Objectives: Medical personnel often need to estimate a patient's weight rapidly and accurately to administer pharmacologic agents whose dosages are based on weight. Inaccurate estimates of weight may result in administration of either subtherapeutic or, in other cases, toxic doses of medications. The hypothesis of this study was that the patient is a more accurate estimator of his or her own weight than the physician or nurse caring for him or her.
Methods: This was a prospective study in which adult patients presenting to an urban emergency department (ED) were examined for study eligibility. Patients unable to stand were excluded. The patient, physician, and nurse caring for the patients were independently asked to estimate the patients' weights. The patients were then weighed.
Results: A convenience sample of 458 patients were enrolled during a four-week period. The median measured (actual) weight was 172.5 lb. The best estimate of a patient's weight was made by the patient himself or herself: the median difference between patient estimates and actual weights was 0 lb (interquartile range [IQR] = -5 to 5). The physicians and nurses had larger underestimates: -5 lb (IQR = -22 to 12) and -6 lb (IQR = -22 to 10), respectively. Weight was estimated within 10% of actual weight by 90.6% of the patients, 50.4% of the physicians, and 49.6% of the nurses.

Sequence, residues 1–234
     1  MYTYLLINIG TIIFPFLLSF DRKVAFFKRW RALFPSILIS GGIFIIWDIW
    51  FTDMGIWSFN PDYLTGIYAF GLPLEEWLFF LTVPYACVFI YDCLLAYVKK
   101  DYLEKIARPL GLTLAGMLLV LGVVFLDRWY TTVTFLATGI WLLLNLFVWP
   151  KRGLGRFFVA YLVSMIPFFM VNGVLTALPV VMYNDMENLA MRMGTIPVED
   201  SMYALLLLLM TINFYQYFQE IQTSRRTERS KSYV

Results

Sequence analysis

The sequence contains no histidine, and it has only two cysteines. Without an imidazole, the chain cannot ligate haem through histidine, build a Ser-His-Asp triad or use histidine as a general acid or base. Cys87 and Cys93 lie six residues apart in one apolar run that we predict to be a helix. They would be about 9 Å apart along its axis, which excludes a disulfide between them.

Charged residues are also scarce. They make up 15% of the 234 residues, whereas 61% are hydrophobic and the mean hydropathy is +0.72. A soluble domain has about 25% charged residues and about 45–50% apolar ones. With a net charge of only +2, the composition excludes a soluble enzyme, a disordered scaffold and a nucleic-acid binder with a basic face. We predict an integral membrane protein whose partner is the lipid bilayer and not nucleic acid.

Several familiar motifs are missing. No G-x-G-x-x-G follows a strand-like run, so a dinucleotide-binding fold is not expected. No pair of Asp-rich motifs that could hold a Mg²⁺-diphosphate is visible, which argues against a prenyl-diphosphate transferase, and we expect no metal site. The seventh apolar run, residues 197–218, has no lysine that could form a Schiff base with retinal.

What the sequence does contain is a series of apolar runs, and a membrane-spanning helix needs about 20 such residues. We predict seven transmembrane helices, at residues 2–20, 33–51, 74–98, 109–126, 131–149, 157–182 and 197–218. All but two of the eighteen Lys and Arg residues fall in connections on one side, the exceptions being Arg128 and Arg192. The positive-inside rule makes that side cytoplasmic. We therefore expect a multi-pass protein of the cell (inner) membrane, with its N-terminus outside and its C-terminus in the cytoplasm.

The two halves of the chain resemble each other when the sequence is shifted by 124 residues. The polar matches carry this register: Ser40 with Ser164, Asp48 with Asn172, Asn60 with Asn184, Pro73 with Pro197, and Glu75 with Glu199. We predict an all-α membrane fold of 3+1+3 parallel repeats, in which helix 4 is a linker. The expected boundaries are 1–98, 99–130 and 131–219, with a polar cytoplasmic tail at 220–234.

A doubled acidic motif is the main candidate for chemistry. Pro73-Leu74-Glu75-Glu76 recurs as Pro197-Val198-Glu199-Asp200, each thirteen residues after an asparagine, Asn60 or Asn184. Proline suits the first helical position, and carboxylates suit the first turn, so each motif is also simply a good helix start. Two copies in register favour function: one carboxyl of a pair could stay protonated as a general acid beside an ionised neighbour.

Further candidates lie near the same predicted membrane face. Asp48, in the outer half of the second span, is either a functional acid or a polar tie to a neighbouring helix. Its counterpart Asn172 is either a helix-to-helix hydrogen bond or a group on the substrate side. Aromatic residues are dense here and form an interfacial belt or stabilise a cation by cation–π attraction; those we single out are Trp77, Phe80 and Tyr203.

Conclusions: When a patient is unable to be weighed, the patient's own weight estimate should be used. If neither is possible, the physician or nurse should estimate the patient's weight.